The trail community is pretty awesome.
We all sat and chatted when some weekenders hiked by and Fresh Grounds hailed them and told them to pull up a seat. He fed them too.
After I had somewhat digested the feast I had just inhaled I prepared to hike the last couple of miles to the shelter. Since Fresh Grounds packed me out with tons of food, fruit and sweets I realized I now had the chance to take the rare on trail zero day. Usually zero days are in town, and I don’t take trail zeros usually because I don’t have the food to do so. Now I did!
Once I got to the shelter the weekenders arrived just after me and pitched their tents. I decided to sleep in the shelter, but ended up pitching my tent in the middle of the night to escape the mice that kept crawling into my hair.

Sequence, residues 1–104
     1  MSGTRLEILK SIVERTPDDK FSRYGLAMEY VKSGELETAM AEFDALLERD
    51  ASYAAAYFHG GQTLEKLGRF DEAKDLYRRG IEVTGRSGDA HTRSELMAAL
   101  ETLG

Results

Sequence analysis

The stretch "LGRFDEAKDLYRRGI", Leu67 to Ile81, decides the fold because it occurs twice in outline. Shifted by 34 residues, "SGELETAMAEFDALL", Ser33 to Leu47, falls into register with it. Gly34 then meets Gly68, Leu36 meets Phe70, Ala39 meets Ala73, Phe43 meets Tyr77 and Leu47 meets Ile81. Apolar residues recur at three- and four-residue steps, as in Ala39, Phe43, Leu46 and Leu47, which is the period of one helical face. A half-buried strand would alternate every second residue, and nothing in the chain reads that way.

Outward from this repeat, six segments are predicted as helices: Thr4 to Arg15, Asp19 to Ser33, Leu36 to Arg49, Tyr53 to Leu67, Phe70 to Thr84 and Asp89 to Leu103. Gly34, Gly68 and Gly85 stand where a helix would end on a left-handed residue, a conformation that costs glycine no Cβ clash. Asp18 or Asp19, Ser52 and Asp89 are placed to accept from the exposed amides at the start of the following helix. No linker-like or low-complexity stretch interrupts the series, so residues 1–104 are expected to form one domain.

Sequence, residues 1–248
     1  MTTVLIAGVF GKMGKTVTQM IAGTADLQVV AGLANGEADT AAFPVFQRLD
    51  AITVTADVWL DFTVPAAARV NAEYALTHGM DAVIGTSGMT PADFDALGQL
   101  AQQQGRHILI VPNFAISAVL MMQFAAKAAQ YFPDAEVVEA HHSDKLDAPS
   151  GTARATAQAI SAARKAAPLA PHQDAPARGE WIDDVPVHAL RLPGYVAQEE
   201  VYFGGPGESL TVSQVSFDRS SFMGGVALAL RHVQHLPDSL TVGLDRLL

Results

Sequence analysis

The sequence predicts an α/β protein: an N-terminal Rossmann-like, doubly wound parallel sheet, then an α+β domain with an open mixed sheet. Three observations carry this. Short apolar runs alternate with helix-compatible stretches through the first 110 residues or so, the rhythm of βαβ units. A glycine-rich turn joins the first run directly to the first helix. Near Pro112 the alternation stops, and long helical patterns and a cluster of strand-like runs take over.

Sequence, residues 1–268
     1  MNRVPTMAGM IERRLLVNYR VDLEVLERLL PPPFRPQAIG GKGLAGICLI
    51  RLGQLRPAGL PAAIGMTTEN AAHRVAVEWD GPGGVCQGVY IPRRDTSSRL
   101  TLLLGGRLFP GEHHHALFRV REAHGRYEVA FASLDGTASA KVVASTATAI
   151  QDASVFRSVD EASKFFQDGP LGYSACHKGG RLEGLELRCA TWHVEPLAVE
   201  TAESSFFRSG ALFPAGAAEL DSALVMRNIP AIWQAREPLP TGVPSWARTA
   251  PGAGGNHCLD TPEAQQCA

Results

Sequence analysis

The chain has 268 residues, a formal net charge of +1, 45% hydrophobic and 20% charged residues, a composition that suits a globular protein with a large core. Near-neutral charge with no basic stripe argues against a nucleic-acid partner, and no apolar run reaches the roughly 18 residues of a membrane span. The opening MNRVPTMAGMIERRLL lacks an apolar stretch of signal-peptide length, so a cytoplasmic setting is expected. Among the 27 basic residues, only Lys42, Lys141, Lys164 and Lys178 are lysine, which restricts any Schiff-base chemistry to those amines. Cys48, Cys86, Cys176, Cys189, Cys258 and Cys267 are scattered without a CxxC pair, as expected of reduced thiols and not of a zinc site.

Yep. Crawling into my hair.
Anyway, we got more food from some groups that were camped over in the group tenting area, and even fortune cookies! I had more great conversations with some of the women in these hiking groups and some kids as well. I spent some time telling several kids about LNT (leave no trace) after I caught them trying to carve their names into the shelter. Then I told them how I always pick up trash I find and how it makes the wilderness nice for the next folks who come along. Then later in the evening I saw them walking around looking for trash.
April 15 Day 27 Cow Camp Shelter
Today is my first zero day, zero miles hiked. It’s cloudy, and not was supposed to have rained by not but it has not. Tonight big thunder storms are expected. A good, uneventful day of napping, reading and eating. And hydrating.
I ended up pitching my tent around midnight last night because mice were getting into my hair. Ugh. No more shelters for me.
April 16 Day 28 Punchbowl Shelter